|The following quotes are in our database.......
|Pg-3||"Modern man does not experience himself as a part of nature but as an outside force destined to dominate and conquer it. He even talks of a battle with nature, forgetting that it he won the battle, he would find himself on the losing side. Until quite recently, the battle seemed to go well enough to give him the illusion of unlimited powers, but not so well as to bring the possibility of total victory into view. This has now come Into view, and many people, albeit only a minority, are beginning to realise what this means for the continued existence of humanity.|
|Pg-64||"The way in which we experience and interpret the world obviously depends very much indeed on the kind of ideas that fill our minds. If they are mainly small, weak, superficial, and incoherent, life will appear insipid, uninteresting, petty and chaotic. It is difficult to bear the resultant feeling of emptiness, and the vacuum of our minds may only too easily be filled by some big, fantastic notion - political or otherwise - which suddenly seems to illuminate everything and to give meaning |
and purpose to our existence. It needs no emphasis that herein lies one of the great dangers of our time.
|Pg-120||"Greater even than the mystery of natural growth is the mystery of the natural cessation of growth. There is measure in all natural things - in their size, speed, or violence. As a result, the system of nature, of which man is a part, tends to be self-balancing, self-adjusting, self-cleansing. Not so with technology, or perhaps I should say: not so with |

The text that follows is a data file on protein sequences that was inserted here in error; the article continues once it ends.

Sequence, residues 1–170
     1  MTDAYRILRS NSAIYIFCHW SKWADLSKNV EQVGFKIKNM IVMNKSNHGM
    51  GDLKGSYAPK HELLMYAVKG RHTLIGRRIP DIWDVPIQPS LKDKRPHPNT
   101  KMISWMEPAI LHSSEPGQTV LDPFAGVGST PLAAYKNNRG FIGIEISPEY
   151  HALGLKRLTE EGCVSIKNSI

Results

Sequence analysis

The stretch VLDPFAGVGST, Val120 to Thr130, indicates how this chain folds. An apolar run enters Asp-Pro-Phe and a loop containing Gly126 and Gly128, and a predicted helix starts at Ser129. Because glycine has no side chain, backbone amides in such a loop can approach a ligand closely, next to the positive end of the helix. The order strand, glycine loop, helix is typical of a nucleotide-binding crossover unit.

man dominated by technology and specialisation. Technology recognises no self-limiting principle - in terms, for instance, of size, speed or violence. It therefore does not possess the virtues of being self-balancing, self-adjusting, and self-cleansing.
|Pg-248||"In the excitement over the unfolding of his scientific and technical powers, modern man has built a system of production that ravishes nature and a type of society that mutilates man. If only there were more and more wealth, everything else, it is thought, would fall into place. Money is considered to be all-powerful; if it could not actually buy non-material values, such as justice, harmony, beauty or even health, it could circumvent the need for them or compensate for their loss. The development of production and the acquisition of wealth have |
thus become the highest goals of the modern world in relation to which all other goals, no matter how much lip-service may still be paid to them, have come to take second place.